ATCO completes Canada’s largest solar project in partnership with Indigenous communities

CALGARY — Canadians Utilities, an ATCO company announced on Wednesday the completion of Canada’s largest off-grid solar project in partnership with three Alberta Indigenous communities.

The project is reported to provide the Northern Alberta Community of Fort Chipewyan (Fort Chip) with clean energy, in addition to reducing local diesel use by around 800,000 liters annually. 

“We are committed to assisting our customers and communities in the transition to lower emission energy systems, no matter how remote their location,” said Siegfried Kiefer, President and Chief Executive Officer, Canadian Utilities. “Our solar project in Fort Chipewyan, completed in conjunction with our partners, is a great example of this.”

Partnership

The partnership is with Three Nations Energy (3NE), which is jointly owned by the Athabasca Chipewyan First Nation, Mikisew Cree First Nations and Fort Chipewyan Metis Association.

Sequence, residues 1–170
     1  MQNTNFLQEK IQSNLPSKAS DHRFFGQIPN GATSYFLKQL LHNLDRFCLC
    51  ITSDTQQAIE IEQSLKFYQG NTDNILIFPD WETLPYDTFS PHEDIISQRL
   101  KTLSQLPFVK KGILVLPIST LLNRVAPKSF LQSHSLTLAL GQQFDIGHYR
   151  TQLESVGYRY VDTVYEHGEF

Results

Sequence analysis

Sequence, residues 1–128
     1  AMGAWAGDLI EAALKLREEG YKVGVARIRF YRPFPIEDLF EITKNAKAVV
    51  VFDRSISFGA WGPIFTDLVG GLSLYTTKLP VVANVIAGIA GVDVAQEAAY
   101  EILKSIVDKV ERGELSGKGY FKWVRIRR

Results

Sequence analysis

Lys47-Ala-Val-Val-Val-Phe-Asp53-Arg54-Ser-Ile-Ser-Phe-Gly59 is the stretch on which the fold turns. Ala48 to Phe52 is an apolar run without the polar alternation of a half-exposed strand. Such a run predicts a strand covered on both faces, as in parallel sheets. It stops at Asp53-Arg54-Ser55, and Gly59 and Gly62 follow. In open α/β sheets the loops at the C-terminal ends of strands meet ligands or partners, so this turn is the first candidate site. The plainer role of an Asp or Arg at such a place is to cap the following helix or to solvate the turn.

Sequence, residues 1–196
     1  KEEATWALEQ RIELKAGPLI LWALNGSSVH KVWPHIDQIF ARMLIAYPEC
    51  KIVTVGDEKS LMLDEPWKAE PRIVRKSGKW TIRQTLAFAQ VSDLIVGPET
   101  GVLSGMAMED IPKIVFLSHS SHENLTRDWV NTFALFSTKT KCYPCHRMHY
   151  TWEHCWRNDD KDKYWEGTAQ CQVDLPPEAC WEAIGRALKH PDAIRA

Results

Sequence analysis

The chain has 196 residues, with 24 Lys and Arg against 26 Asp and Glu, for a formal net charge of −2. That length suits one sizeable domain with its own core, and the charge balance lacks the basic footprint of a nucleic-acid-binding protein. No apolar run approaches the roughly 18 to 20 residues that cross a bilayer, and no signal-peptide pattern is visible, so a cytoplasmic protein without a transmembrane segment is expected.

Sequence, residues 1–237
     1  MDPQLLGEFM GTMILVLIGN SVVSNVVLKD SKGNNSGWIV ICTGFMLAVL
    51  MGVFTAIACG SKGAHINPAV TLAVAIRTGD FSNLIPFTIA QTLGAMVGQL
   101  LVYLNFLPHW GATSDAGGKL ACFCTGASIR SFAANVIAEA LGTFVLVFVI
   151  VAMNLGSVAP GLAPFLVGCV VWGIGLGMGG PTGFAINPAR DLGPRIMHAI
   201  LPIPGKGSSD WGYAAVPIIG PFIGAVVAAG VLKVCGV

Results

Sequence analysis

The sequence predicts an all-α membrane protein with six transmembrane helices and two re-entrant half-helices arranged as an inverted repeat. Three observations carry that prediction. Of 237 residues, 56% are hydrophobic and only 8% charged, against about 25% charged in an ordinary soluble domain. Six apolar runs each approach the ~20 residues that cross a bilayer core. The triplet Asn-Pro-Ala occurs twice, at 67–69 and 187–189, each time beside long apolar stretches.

According to a news release ATCO designed and built the two-phased project which includes a 600-kW solar farm, owned and operated by ATCO, and a 2,200-kW solar farm owned by all three Indigenous communities and operated by ATCO.

“This outstanding project showcases how industry and Indigenous communities can work together to develop sustainable and renewable energy solutions that will benefit today’s and future generations,” said Nancy Southern the Chair and Chief Executive Officer of ATCO .

“Partnering with Indigenous communities in a meaningful economic way is something we take very seriously. Together with 3NE, we are fostering community ownership and self-sustaining economic development through job creation, investment in infrastructure, and revenue from the sale of clean power.”

Fort Chip is home to nearly 1,000 residents who rely on diesel-fueled generation for electricity.

ATCO says this solar project will provide about 25 per cent of Fort Chip’s electricity needs each year by reducing trucking and consumption of diesel fuel.

“Our people have a proud tradition of making our livelihood from the sustainable use of local renewable resources. We are committed to being good stewards of the land for future generations,” said Blue Eyes Simpson – V.P. Fort Chipewyan Metis Association and 3NE Director.

“Reducing carbon emissions by replacing imported diesel with our locally-owned solar farm uses new technology to act on these values in a way that will increase our energy security and self-sufficiency.”

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